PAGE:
can’t comprehend how a mother’s $25 checkbook balance affects them or understand
why she can’t afford to take them out for pizza.
What helped me cope with life’s inequities and moments of panic were words of a
friend, “When I get in a ‘tiz and start to worry about making ends meet, I stop and pray,
‘Lord, order my day!’ You’re in charge.” While these words don’t pay bills or put food on
the table, they can sidetrack anxiety so our minds begin to function again. God doesn’t
want us running scared, but into His arms as Elaine points out.
On a practical level, try not to make any major changes in your lifestyle, such as
declaring bankruptcy before you seek wise counsel from friends, family, and/or experts.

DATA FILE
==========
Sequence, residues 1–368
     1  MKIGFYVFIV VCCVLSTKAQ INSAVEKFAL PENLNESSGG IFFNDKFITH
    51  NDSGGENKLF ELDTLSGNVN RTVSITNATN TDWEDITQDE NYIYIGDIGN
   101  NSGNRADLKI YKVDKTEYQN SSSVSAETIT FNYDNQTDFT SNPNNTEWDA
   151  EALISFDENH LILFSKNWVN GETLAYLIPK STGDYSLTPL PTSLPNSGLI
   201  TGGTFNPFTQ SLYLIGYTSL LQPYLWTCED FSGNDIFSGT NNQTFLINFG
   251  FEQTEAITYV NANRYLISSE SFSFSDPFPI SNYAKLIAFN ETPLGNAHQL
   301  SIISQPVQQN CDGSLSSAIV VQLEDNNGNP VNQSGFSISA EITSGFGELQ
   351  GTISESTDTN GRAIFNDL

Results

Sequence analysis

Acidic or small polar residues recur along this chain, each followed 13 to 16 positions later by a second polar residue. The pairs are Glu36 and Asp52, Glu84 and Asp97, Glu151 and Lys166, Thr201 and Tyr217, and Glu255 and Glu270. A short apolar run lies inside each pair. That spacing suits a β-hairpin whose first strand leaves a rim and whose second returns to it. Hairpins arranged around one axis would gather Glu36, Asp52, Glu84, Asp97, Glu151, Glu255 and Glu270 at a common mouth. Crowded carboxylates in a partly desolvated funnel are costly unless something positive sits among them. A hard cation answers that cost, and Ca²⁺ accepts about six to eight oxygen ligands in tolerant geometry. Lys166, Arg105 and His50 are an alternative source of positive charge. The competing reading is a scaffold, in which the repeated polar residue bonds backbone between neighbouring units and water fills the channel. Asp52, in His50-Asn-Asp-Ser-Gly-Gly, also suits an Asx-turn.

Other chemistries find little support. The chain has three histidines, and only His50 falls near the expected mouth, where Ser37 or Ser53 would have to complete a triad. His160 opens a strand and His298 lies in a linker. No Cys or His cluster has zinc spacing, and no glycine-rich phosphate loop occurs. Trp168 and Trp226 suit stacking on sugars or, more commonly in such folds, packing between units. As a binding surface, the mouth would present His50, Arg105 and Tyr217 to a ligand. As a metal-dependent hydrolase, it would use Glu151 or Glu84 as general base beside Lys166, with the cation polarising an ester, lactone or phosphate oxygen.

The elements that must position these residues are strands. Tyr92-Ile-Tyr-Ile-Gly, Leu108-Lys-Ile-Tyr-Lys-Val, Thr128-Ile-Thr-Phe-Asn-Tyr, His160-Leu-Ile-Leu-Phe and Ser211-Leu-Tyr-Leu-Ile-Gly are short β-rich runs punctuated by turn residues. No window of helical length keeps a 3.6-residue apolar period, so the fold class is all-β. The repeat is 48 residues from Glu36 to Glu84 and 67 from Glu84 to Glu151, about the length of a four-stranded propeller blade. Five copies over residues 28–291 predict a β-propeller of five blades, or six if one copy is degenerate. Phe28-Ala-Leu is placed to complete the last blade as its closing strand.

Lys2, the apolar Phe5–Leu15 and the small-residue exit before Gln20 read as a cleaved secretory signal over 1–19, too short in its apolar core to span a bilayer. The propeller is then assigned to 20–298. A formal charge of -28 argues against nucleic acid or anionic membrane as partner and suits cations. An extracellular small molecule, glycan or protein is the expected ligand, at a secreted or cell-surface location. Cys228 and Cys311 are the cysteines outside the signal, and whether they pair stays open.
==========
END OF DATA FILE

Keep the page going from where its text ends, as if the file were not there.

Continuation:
Desiree’s story illustrates the wisdom of learning about alternatives.
Money Saving Tips from Barbara in Connecticut
(Source: An Internet Forward)
• Economize and sharpen scissors at the same time by cutting SOS Pads in half to eliminate rusted,
smelly pads under your kitchen sink.
• Keep celery fresh for weeks by wrapping it in aluminum foil before putting in the refrigerator.
• Candles last longer if placed in the freezer for at least three hours prior to burning.
A promise you can trust
. . . We were under great pressure, far beyond our ability to endure, . . .
But this happened that we might not rely on ourselves but on God. . . .
II Corinthians 1:8, 9 NIV
In the meantime
DivorceWise Newsletter is now available by e-mail subscription. Subscribe or update
your e-mail address at Newsletter Email Send a copy of the current
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To share your story or suggest topics for the newsletter, e-mail by Clicking Here or
write Garden Glories Publications, P. O. Box 11692, Pleasanton, CA 94588. Archived
issues available upon request. ©2003 by Kari West